Making Do When You’re Earning Less Income
COVID has ruined a lot of stuff for a lot of people: Graduations and proms have been cancelled, weddings have been postponed, in-person school sessions have been moved online.
And as you or a close loved one may be painfully aware, in many cases incomes have been substantially lowered—if not by way of a pandemic-related layoff, then because of a prolonged furlough period, pay cut, slashed schedule, or suddenly absent annual bonus.
While it can certainly be destabilizing to be suddenly faced with less income than you’re accustomed to, there are ways to mitigate the less-than-awesome effects.
Here are some tips for folks faced with a hit to their household income, (no) thanks to the pandemic.
Reviewing the Budget
If you don’t have a budget by now, the pandemic may have made it clear how imperative it is to make one—in most cases, if you don’t make an intentional plan for where your money should go, it tends to make going-away plans of its own.
And if you do already have a budget, now’s a great time to get in there and see where cuts might be made to help you keep from hemorrhaging money you’re no longer receiving. The good news is, there are many ways in which you’re likely to already be saving some money in quarantine.
For instance, people who are working fewer hours, or whose work has been transferred from an office environment to remote work at home, might find they’re automatically spending less on gas than they were pre-pandemic. Because people’s driving habits have changed, on average, over these last few months some insurance companies are also offering discounts and policy credits.)
Given the riskiness of gym environments, you might consider ditching your membership until things are more settled—thereby saving another few bucks each month.
Of course, these savings still might not mean you break even at your new, lower income level—and other cuts will take dedicated effort. Restaurant meals are a common sink for discretionary income. Dusting off those cooking skills might be a good way to avoid reliance on takeout during quarantine.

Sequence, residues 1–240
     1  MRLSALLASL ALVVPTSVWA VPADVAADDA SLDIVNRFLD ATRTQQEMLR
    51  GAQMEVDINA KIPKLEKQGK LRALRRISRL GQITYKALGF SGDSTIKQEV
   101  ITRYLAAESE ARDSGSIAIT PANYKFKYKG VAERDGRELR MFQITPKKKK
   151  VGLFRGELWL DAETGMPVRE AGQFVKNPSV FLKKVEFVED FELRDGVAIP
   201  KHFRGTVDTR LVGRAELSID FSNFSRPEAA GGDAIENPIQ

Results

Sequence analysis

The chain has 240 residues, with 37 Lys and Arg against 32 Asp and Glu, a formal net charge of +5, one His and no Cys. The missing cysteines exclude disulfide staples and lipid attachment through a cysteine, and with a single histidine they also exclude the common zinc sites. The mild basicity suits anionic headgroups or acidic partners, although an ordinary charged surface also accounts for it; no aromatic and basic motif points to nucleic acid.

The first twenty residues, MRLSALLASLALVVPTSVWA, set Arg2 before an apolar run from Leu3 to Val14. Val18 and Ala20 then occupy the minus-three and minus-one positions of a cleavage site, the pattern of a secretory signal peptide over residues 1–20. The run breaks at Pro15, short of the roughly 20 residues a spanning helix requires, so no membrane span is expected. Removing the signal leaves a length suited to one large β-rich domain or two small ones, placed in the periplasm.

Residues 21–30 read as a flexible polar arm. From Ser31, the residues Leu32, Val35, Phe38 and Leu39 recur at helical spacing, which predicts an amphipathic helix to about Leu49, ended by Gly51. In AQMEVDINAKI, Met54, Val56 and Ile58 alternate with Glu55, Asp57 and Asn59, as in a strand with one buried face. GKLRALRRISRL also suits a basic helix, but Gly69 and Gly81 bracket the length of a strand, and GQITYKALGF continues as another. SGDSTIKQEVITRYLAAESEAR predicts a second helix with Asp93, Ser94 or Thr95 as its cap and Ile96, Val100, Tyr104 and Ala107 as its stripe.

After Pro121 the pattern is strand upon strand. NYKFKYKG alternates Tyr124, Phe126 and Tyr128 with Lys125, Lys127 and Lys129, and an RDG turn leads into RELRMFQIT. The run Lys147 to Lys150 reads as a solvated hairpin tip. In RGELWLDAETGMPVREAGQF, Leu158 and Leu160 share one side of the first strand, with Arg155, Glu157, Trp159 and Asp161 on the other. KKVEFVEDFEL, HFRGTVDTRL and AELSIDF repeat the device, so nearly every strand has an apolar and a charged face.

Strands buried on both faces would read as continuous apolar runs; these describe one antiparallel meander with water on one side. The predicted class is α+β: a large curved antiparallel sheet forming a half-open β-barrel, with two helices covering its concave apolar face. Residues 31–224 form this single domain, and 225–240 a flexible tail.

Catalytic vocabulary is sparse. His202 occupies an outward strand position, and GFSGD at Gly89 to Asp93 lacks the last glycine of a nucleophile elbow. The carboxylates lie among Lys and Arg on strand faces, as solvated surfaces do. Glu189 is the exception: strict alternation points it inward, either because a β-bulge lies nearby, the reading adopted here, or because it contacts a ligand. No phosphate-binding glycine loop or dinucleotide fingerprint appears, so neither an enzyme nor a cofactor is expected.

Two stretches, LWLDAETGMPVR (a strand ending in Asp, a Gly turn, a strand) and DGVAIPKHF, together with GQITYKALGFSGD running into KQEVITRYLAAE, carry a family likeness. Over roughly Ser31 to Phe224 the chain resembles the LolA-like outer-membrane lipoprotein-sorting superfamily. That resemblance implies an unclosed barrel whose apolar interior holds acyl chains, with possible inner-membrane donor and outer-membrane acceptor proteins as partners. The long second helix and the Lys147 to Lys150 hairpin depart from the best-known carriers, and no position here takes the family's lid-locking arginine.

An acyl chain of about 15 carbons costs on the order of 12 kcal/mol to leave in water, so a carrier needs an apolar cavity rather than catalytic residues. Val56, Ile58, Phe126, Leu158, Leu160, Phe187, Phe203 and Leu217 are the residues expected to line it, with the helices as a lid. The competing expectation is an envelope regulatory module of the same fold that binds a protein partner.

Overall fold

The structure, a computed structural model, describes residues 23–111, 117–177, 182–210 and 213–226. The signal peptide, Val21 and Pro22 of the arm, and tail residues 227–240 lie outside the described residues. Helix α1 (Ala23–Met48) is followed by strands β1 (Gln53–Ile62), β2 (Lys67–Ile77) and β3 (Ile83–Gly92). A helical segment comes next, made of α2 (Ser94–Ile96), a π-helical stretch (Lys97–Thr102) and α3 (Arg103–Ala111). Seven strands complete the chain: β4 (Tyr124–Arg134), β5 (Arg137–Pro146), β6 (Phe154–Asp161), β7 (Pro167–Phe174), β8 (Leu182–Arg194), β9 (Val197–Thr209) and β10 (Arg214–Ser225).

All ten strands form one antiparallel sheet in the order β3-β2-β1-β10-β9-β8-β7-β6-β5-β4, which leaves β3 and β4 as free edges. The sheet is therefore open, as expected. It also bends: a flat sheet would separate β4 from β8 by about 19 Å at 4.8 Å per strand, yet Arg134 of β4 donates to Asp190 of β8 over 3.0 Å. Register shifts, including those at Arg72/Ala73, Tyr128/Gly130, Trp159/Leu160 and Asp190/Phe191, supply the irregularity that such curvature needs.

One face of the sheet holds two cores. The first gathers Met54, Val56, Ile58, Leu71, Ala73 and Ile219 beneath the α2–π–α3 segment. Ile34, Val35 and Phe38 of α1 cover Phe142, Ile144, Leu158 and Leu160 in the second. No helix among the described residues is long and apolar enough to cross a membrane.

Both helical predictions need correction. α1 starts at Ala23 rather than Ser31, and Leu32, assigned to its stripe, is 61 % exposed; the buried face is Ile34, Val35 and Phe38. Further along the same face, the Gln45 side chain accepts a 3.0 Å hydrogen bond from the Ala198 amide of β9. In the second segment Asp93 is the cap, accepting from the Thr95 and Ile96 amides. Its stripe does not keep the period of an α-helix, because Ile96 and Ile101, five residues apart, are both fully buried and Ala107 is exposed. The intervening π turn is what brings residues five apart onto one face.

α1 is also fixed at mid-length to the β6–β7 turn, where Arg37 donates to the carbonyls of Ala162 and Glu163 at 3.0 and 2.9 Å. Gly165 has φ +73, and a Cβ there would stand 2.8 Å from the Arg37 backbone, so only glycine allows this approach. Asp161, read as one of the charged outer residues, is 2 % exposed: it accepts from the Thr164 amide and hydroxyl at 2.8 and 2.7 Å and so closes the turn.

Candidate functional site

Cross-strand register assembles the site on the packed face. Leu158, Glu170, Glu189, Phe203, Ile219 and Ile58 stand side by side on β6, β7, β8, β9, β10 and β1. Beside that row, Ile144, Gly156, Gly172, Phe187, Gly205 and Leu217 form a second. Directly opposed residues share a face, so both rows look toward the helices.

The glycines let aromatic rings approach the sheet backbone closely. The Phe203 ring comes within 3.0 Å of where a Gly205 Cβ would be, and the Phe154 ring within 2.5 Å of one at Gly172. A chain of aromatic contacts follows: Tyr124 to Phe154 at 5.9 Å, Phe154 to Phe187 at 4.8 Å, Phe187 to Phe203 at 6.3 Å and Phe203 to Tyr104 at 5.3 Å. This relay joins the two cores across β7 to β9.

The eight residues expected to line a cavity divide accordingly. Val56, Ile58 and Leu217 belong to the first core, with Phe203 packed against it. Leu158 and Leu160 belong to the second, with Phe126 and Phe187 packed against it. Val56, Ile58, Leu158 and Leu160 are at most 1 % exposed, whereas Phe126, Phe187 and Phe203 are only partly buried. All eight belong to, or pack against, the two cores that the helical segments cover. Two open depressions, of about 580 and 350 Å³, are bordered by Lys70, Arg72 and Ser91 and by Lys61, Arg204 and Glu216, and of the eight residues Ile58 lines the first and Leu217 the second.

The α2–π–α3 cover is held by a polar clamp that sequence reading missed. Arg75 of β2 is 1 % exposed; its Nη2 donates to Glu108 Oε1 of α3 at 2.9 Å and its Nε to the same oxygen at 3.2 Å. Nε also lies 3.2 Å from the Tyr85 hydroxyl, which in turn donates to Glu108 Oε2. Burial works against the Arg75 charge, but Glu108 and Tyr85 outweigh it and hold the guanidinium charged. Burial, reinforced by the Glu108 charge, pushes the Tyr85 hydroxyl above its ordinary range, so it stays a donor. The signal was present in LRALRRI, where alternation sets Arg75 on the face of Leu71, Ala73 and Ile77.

Groceries might be another prime place to make serious budgetary changes. According to the most recent USDA data, a family of four with young children might spend as little as $588.50 or more than $1,000 on grocery expenses, just depending on how thrifty or liberal their food plan is. Looking for cheap, scalable recipes that rely on inexpensive staples like rice and beans, can mean eating delicious meals even on just a few dollars. At this moment in history, it’s probably a more comfortable option than cancelling Netflix.
Looking for Ways to Restructure Your Debt
Chipping away at discretionary spending is one thing, but some bills are unavoidable—and many of those are loans. From mortgage and car payments to credit card statements and student loans, most Americans are in the process of paying off something or another. Oftentimes, it’s several somethings.
Those with federal student loans probably already know that payments have been automatically suspended and interest has been waived until September 30, 2021, so it’s probably not the best time to consider refinancing those.
But those with private student loans may want to reach out to their providers directly to see what options are available, especially in light of income loss. SoFi’s low-rate student loan refinancing options could be one way to lower your monthly payments to a more attainable figure.
Credit card payments can also be a serious burden for American families trying to make ends meet, particularly if they carry a balance on multiple cards. Consolidating those payments using a personal loan might help them save interest in the long run while also making payments more manageable on a month-to-month basis.
Considering a Side-Hustle
Making do with less money than you’re used to is always going to involve at least a little bit of sacrifice. One way to level the playing field: Trying to churn up some extra dough on the side.
If a furlough period or slashed weekly schedule means you suddenly have some extra time on your hands, you might be able to use those hours to your advantage. You could consider monetizing your hobby by selling your crafts on